|Donoghue says she is ‘very aware of how the economy has affected us all and some people in a very serious way.’|
New state senator vows her focus will be on the economy
For Eileen Donoghue, getting people back to work will be the focus when the Lowell Democrat takes office Jan. 5 as the new state senator from the 1st Middlesex District.
“I fully understand the challenges we are facing with the economy and jobs in Massachusetts,’’ said Donoghue, a former Lowell city councilor and mayor who won a three-way race Nov. 2 to succeed retiring Democratic incumbent Steven C. Panagiotakos.
“I heard it throughout the campaign as I traveled the district and it’s clearly issue one for most people,’’ Donoghue said. “I’m very aware of how the economy has affected us all and some people in a very serious way. At the same time, I’m excited about going to Beacon Hill and optimistic we can work together and through the challenges.’’
Donoghue said she is not daunted by the task because she recalls Lowell was facing similar economic challenges when she first ran for the council in 1995.
“I look at it as a similar climate. But we took them on and did make changes and defied the odds [faced by] an aging urban city. And on the state level, I’m anxious to do the same. . . . I’m confident I can work with anyone regardless of their party or their outlook. From what I’m hearing, people just want results,’’ said Donoghue, who will represent Dunstable, Groton, Lowell, Pepperell, Tyngsborough, and Westford.
A local lawyer and an active community volunteer, Donoghue, 56, was a city councilor from 1996 to 2008, serving as mayor from 1998 to 2002. In Lowell, which has a city manager, the mayor — elected by the council from within its ranks — chairs the City Council and the School Committee.
Donoghue ran in a special election in 2007 to fill the 5th District Congressional seat when Martin T. Meehan resigned. She finished second in a five-way Democratic primary to Lowell Democrat Niki Tsongas, who went on to win the seat.
In her state Senate race this year, Donoghue won a primary contest with Christian L. Doherty, a former congressional aide to Meehan, and went on to defeat Republican James J. Buba and independent Patrick A. O’Connor, both of Lowell, in the final.
Donoghue faces the challenge of filling the shoes of Panagiotakos, a 14-year incumbent who chairs the influential Senate Committee on Ways and Means.
Kevin P. Broderick, the vice chairman of the Lowell City Council and a Democrat who supported Donoghue, said Panagiotakos’s departure from the Senate is a “tremendous loss’’ for the district. But he said Donoghue is the right person to succeed him.
“She has tremendous experience at the local level in building consensus and getting things done,’’ he said.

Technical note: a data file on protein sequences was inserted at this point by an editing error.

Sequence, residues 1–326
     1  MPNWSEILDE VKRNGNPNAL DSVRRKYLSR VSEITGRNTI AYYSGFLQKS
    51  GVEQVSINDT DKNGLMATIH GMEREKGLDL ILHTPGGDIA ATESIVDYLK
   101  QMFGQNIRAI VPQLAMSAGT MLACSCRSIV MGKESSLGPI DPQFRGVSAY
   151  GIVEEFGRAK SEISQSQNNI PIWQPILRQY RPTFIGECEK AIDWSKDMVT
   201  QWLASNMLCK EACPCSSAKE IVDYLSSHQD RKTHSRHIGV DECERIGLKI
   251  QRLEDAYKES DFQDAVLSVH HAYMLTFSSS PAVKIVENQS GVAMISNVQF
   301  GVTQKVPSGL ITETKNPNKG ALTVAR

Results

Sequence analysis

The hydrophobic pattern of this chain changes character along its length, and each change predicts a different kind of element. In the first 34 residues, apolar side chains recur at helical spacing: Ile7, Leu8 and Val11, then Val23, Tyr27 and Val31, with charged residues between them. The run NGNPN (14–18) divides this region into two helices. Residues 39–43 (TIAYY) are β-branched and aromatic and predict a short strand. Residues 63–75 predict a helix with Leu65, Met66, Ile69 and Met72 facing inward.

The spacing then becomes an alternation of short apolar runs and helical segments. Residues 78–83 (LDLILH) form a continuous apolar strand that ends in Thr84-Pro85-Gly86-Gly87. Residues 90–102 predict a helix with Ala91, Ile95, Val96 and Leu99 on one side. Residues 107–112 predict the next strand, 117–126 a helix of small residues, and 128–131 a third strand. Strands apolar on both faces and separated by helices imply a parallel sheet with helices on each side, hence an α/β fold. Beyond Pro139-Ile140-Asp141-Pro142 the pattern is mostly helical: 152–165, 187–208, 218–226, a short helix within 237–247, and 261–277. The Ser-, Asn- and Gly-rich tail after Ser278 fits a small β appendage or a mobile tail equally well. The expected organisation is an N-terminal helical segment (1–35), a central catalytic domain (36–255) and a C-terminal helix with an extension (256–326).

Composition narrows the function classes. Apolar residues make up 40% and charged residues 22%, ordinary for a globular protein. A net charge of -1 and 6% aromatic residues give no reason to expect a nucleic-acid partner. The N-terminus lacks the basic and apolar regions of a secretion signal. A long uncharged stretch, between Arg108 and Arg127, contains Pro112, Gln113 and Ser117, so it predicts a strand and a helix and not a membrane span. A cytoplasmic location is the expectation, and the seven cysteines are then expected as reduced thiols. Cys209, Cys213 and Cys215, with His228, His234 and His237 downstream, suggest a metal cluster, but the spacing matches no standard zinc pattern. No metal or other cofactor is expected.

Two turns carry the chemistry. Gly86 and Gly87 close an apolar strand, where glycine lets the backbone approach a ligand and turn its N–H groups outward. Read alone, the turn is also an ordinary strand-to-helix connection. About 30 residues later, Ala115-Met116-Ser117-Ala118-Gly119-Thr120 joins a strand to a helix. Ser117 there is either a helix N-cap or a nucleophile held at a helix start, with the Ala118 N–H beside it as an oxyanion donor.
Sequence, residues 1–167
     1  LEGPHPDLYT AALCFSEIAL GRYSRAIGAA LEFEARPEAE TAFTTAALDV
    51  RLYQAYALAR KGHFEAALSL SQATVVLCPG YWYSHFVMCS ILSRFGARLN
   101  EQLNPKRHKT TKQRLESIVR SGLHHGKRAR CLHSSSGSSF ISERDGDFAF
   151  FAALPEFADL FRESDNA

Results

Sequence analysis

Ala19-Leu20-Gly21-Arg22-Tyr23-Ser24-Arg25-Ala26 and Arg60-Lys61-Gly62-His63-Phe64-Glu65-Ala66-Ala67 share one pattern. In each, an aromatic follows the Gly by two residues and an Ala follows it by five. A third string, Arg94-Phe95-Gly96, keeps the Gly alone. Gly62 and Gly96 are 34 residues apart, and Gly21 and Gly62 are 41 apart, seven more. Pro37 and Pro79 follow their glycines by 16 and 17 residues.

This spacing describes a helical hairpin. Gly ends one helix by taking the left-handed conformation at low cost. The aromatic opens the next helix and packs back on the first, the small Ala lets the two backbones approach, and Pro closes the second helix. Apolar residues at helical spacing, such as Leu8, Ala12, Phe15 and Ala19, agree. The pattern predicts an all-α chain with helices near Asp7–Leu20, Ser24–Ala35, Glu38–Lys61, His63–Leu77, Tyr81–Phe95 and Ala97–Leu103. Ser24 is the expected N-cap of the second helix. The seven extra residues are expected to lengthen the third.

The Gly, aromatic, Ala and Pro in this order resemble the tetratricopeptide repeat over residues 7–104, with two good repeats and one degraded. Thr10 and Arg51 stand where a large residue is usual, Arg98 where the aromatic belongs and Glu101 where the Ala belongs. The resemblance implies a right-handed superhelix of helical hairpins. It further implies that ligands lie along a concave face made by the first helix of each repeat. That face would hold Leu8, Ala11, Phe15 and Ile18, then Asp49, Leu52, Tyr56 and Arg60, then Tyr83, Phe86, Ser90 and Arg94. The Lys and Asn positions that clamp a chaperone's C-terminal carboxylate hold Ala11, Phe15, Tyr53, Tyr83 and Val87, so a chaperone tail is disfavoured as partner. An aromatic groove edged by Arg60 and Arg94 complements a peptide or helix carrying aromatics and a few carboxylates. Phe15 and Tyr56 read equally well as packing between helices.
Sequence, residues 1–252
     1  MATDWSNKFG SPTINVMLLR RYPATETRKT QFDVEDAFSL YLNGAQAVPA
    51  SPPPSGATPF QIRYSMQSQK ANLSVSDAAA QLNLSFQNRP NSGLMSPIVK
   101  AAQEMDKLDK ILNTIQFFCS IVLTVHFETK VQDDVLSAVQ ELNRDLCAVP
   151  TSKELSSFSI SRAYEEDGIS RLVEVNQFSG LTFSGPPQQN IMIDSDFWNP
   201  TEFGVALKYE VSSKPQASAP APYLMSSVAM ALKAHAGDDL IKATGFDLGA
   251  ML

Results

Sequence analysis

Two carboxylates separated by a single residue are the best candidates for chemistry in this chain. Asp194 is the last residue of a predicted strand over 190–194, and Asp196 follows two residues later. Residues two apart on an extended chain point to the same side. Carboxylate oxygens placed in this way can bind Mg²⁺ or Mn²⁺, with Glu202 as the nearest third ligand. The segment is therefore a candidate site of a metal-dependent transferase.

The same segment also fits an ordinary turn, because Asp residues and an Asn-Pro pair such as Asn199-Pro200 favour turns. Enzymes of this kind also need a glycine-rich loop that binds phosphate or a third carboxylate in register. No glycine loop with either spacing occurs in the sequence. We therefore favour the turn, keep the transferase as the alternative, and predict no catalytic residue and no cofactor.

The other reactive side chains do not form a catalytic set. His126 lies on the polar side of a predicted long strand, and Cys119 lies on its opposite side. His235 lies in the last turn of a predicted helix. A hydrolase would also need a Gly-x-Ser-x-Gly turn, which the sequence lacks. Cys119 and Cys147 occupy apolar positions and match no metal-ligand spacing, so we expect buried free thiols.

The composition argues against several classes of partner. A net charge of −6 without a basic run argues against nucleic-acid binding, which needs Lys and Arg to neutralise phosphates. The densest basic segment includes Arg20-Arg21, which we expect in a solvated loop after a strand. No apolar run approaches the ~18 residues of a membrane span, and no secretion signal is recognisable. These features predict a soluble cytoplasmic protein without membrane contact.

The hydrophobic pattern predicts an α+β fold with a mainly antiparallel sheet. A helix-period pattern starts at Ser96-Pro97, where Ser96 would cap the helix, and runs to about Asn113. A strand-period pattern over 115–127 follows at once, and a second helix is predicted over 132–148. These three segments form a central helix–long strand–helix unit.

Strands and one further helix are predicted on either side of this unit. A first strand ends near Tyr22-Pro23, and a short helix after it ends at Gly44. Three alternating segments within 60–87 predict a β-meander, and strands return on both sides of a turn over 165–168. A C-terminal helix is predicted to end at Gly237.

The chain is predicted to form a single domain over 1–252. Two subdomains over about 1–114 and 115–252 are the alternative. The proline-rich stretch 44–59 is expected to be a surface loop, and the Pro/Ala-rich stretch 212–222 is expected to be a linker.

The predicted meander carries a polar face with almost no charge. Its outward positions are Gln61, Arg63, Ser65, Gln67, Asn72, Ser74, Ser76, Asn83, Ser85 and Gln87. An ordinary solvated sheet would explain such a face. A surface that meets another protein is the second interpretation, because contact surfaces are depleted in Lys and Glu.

Tyngsborough Selectwoman Elizabeth Coughlin, a Democratic State Committee member who backed Donoghue, said the district is “very lucky’’ to have Donoghue taking over for Panagiotakos.
“She is very knowledgeable about the needs of municipalities. She understands how the system works administratively, she knows what the issues are because of her experience, and we are confident she will be effective in representing us,’’ Coughlin said.
Donoghue, who grew up in Holyoke, is a graduate of the University of Massachusetts Amherst and Suffolk University Law School. She and her husband, John O’Connor, moved to Lowell in 1988.
She credits Niki Tsongas’s late husband, former US senator Paul Tsongas — then a neighbor — with recruiting her to run for city councilor in 1995. Elected that year, she was tapped by her fellow councilors to serve as mayor after just one term.
Donoghue looks back at her mayoral years as “times of tremendous progress here in the city. Lots of projects came to fruition,’’ she said, including the construction of the Tsongas Arena and Lelacheur Park.
To prepare for her new role, Donoghue plans to meet with elected officials in the district. She also expects to continue a transition effort she has begun with Panagiotakos, whom she calls a “great mentor’’ and friend.
In taking aim at the economy, Donoghue said she will promote the need for the state “to do everything it can to assist small businesses in creating jobs.’’
That would include trying to address the high cost of health care, Donoghue said, noting that a common theme she hears from small businesses is that skyrocketing health insurance costs are posing an impediment to hiring new workers.
She also wants to investigate the difficulty many businesses are facing in getting banks to extend lines of credit and to see if there is anything government could do to spur banks to be more cooperative.
Donoghue said whatever solutions the government seeks to the state’s economic and other issues will need to be cost-effective.
“The message was loud and clear’’ on Nov. 2, she said. “People can not tolerate more taxes, so they are looking to their leaders to work hard, work smarter, try to get things done. We have to do more with less. That’s really the climate we are in.’’